Coin-operated laundry facilities are located in the basement. Four apartments share one facility, and there is a change machine in the on-site leasing office for the convenience of our residents.

The on-site dog park is open to residents and their pups during daylight hours. Plus, with pool season fast approaching, it’s worth noting that Alvern Gardens has a pool.

pool

Parking is on street, first come, first serve, with permit-only off street parking included with certain units. Garages are available for rent for $55/month.

Alvern Gardens is situated just a five minute walk from the St. Anne’s T stop, where both the Red and Blue Lines stop every five to twenty minutes. This quiet residential neighborhood is just minutes from shopping, restaurants and recreational areas such as the Ice Castle skating rink and South Park.

If Alvern Gardens sounds like the place for you, please call us at 412-561-4663 to inquire about the application process.

More tips on how to introduce a second cat

Francis the Cat
Is your cat lonely? The linked article will help you make the perfect introduction between your current cat and a new companion.

Two weeks ago, we wrote about how to introduce a second cat into your home. Now, just in time for Valentine’s Day, we have another excellent article for helping you make a furry love match.

Always remember to clear the introduction of a new pet with your landlord before moving forward with an adoption.

Looking for a pet friendly apartment community? Alvern Gardens welcomes cats and dogs under 40 lbs. Call us at 412-561-4663 or email alverngardens@yahoo.com for our current availability!

So you have a new home to fill: Where should you shop?

Moving into a new home can be daunting, especially if you’re also on the market for new furniture for that new home. The good news is that there are plenty of options for saving money, and those options just keep getting better.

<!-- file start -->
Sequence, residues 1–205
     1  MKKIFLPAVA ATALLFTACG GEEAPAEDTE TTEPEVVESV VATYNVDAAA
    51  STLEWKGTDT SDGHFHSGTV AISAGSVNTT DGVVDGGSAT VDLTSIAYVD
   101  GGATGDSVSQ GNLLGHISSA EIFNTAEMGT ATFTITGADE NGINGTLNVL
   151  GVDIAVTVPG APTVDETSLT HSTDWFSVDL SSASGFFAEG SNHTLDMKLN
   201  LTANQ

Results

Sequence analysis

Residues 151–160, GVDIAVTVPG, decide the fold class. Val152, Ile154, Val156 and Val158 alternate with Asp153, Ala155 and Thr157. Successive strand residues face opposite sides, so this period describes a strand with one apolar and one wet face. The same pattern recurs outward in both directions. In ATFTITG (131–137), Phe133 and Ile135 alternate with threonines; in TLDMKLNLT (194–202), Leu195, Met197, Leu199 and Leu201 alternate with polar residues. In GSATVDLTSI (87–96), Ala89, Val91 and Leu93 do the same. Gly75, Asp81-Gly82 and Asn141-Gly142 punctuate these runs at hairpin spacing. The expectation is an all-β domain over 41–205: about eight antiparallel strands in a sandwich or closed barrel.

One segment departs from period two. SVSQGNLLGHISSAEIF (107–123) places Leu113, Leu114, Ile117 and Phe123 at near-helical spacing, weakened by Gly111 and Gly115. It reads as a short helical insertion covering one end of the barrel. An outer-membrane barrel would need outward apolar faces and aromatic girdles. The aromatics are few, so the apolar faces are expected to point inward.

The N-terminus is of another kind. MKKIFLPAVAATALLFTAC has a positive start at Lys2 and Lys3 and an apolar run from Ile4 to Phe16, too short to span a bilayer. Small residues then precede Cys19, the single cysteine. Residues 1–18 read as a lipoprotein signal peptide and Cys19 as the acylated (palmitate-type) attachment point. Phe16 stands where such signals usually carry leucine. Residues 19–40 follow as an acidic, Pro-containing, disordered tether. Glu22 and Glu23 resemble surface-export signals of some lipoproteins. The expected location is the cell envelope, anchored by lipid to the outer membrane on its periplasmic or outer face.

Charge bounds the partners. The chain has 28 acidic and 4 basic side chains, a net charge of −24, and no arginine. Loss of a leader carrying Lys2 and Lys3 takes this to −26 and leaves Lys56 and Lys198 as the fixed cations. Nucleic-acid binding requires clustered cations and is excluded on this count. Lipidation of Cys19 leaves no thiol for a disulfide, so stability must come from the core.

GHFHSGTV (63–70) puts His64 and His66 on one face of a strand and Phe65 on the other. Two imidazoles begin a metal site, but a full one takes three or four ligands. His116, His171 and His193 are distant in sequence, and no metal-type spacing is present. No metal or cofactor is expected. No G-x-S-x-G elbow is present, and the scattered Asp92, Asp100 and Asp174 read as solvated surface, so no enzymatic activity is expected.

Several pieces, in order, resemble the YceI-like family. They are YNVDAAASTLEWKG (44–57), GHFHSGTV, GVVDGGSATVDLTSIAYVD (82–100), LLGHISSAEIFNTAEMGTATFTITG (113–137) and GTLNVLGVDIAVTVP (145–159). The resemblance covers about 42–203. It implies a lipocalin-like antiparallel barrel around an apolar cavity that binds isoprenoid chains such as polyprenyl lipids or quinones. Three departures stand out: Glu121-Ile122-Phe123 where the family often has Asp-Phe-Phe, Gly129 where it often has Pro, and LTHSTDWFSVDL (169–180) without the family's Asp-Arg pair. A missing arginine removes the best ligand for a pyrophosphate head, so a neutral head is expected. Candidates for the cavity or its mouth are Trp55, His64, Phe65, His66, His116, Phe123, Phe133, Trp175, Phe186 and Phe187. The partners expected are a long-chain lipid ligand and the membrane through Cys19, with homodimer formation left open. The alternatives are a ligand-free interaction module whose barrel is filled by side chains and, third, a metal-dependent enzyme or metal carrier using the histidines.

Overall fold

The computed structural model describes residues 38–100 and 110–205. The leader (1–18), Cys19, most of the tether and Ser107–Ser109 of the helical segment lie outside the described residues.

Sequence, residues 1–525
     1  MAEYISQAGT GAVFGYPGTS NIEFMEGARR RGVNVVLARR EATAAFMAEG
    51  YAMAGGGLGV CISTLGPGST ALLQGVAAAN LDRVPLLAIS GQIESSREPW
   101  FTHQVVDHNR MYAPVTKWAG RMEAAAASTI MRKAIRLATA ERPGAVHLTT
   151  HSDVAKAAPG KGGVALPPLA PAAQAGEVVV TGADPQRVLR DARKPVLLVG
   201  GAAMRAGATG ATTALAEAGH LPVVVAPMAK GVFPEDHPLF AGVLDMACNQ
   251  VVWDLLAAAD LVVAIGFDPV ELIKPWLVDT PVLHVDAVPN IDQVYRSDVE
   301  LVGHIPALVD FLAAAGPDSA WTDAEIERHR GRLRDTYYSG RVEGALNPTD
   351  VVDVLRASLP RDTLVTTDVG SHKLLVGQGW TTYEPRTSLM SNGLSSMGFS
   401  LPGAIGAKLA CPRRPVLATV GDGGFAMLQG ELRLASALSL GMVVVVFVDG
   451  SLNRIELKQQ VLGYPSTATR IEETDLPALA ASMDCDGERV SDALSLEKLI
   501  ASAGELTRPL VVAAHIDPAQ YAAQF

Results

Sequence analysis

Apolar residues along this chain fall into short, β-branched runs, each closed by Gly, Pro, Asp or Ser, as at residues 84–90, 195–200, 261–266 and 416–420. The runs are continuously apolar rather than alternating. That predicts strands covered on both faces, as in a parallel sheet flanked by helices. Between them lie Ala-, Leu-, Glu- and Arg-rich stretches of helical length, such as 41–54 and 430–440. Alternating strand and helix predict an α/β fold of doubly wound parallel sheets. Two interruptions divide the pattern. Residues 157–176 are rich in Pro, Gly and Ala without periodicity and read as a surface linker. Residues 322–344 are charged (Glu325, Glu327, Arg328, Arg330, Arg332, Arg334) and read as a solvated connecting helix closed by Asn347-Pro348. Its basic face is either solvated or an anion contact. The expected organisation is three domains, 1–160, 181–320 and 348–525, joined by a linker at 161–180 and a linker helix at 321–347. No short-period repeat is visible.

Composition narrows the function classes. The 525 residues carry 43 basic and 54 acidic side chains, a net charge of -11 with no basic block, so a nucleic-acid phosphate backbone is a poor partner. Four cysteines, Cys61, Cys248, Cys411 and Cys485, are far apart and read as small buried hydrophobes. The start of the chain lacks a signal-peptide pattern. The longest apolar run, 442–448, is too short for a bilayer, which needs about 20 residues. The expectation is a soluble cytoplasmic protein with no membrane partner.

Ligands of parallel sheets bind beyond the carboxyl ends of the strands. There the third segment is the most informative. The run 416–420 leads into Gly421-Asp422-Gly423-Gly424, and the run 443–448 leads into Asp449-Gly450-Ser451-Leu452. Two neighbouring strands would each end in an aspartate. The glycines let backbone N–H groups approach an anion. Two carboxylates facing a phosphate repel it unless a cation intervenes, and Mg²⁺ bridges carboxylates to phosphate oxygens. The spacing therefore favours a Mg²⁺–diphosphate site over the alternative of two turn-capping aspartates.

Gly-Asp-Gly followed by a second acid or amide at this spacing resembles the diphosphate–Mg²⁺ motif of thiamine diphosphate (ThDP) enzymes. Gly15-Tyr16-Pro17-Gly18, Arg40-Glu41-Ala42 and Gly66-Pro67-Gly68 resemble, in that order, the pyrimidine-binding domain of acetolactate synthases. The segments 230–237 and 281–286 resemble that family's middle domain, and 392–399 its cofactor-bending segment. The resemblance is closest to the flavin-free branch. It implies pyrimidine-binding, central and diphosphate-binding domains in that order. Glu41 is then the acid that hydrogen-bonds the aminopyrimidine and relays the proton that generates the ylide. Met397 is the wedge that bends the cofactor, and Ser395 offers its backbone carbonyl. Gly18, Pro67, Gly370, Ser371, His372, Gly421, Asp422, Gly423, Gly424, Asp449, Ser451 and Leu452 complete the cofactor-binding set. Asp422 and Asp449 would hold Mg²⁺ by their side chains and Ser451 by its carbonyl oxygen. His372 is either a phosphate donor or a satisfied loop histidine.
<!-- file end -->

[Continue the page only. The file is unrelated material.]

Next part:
guest bedroom/home office
We found this futon at Walmart. Its black faux leather is just the right look for extra seating in a home office. Plus, it lets the room double as a guest bedroom.
  • Ask around. Most people have stuff they don’t use. From surplus silverware and china to old dining sets, if you ask enough friends and relatives, you can cobble together almost an entire household. If you have a trustworthy source, you could go so far as to get a mattress for super cheap. (Maybe even for free!) Though you shouldn’t accept upholstery without first giving it a thorough inspection. After all, your Aunt Marge might have an old sofa that she’ll give you if you’ll just come pick it up, but you might show up for it and realize it smells worse than her ash tray.
  • Go thrifting first. Spend a weekend visiting garage and estate sales, check your local Goodwill, visit flea markets. Any place that sells used items is going to have at least some of what you need for cheaper than if you were to buy it new. But thrift smart. Haggle for a lower price when possible, and don’t buy anything that’s so worn out that it’ll cost more to fix it than to buy the same thing new.

    home office/guest bedroom
    This desk is from IKEA, and the chair–believe it or not–is from Costco!